During the week-long training, participants received information on goat production, management and sales. After the training, they returned home to build secure housing for their goats as their contribution. They each received five female local-breed goats, delivered by breeders in southern Malawi, for a total of 80 female goats across the 16 participants. We also purchased two male South African Boer goats from a local Malawian non-profit, Small Scale Livestock and Livelihoods Program, for breeding purposes. South African Boer goats have a high muscle mass (more meat) and higher production rate (twins and triplets). Breeding them with local Malawian female goats produces offspring with these desirable genetic traits. After the offspring were old enough to live without their mothers, five females were passed on to the next person in line for the pass on, and the process continued.
I left Malawi in April 2011. Over the past six months, I have been in contact with my Malawian counterpart, Chegwenyu, and he informed me that the program is still going. Initially, we started with 500 individuals that we estimated would expand to 2,500. To my surprise, that number had been surpassed and Chegwenyu believes that there will be an impact double or even triple the amount originally projected!
The fact that my community, Chulu Village, now has access to more protein-rich, balanced meals every day has solidified my belief that goats can be used to create a better quality of life for those in lower-income communities around the world. And, as an added benefit, it means wildlife in the village can remain where it belongs: in the wild at the local national park.
Editor’s Note: The author is a Returned Peace Corps Volunteer. As part of Feed the Future, the U.S. Agency for International Development and the Peace Corps have teamed up to provide more than 1,200 Feed the Future Peace Corps Volunteers. These Volunteers work with communities around the globe to improve food security at the grassroots level—and you can too! Visit peacecorps.gov to learn more. This post also appears on the Peace Corps Passport blog.
The Feed the Future Innovation Lab for Peanut and Mycotoxin is using peanuts to improve the nutritional status of undernourished pregnant women in Malawi.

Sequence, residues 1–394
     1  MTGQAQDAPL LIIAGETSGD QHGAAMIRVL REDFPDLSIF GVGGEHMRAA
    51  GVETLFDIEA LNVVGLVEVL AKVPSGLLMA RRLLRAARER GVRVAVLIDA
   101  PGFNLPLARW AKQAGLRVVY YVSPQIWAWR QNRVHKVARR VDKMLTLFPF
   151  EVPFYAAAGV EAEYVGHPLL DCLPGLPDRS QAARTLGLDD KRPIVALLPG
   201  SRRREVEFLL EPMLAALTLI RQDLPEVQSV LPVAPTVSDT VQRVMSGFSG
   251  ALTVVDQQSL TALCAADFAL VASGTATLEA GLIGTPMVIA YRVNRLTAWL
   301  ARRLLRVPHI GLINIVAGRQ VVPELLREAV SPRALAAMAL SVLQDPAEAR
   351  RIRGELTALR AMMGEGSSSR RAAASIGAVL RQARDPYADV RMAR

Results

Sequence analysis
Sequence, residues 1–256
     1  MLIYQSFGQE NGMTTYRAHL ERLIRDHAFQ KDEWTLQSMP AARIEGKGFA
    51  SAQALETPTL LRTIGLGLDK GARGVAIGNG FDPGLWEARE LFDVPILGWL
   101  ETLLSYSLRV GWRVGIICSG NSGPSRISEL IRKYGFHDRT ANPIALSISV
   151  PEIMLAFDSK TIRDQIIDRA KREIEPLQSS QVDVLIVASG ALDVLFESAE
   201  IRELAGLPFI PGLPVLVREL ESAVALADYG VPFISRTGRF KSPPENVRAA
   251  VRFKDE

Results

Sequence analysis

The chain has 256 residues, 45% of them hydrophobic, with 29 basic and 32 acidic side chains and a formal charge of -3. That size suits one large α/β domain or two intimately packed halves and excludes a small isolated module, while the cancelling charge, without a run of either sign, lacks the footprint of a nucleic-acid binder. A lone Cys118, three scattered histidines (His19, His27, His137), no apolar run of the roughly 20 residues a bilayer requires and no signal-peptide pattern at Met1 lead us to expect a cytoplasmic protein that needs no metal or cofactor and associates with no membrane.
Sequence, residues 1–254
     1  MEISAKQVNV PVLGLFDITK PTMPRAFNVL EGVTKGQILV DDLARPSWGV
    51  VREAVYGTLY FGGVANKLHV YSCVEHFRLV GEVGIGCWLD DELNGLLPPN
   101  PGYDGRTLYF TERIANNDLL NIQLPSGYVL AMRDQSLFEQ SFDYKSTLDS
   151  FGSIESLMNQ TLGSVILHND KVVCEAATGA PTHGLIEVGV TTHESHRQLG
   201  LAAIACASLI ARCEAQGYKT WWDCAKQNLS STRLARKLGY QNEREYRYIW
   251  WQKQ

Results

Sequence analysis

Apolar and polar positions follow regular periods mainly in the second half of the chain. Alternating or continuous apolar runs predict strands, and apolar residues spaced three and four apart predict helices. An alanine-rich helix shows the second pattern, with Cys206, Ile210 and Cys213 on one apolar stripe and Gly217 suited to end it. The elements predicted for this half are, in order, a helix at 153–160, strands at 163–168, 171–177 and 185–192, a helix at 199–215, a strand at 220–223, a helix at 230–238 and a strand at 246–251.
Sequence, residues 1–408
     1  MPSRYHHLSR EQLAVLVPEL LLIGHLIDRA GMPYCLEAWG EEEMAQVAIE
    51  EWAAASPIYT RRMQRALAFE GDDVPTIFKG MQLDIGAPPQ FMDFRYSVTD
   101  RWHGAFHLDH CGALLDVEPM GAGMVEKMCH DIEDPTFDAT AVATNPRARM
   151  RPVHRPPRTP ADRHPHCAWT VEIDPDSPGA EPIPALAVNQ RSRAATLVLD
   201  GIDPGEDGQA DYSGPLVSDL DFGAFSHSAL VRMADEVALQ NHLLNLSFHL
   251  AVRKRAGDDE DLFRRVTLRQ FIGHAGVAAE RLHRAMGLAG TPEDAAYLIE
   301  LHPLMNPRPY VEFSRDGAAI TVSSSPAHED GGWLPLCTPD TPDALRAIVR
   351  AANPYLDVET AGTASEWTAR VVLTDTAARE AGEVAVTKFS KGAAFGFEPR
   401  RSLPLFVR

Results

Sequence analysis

Dr. Mark Manary, one of the Lab’s lead scientists and founder of Project Peanut Butter, is identifying and treating severely undernourished pregnant women with a peanut-based Ready-To-Use Therapeutic Food (RUTF). Pregnant women are a very vulnerable population in Malawi, where maternal deaths are 1 in 400, the third highest in the world. A large portion of stunting occurs in the womb, which is why good nutrition during pregnancy has a significant impact on a child’s growth potential. There is currently no standardized method to diagnose or treat moderate or severe undernutrition during pregnancy.
Peanuts are an ideal therapeutic food because, in addition to being high in protein, they are almost 50 percent fat or oil, which is a key element in the treatment of acute malnutrition.
“The beauty of the peanut formulation having so much oil in it is that its energy density is very high,” says Dr. Manary. “This means a spoonful of peanut-based food is equal in calories to 5 or 6 spoonfuls of a traditional cereal like corn or rice. If you are undernourished, you need to get those nutrients in you to catch up. The high oil, low water content of this peanut-based food means that it doesn’t spoil sitting around in a mud hut with a grass roof for two or three weeks. The food safety issues here are nominal, whereas if you cooked some kind of specialized porridge or dough and left it sitting around you couldn’t eat it the next day.”
The peanut-based RUTF has been well-received by Malawian women and is very popular.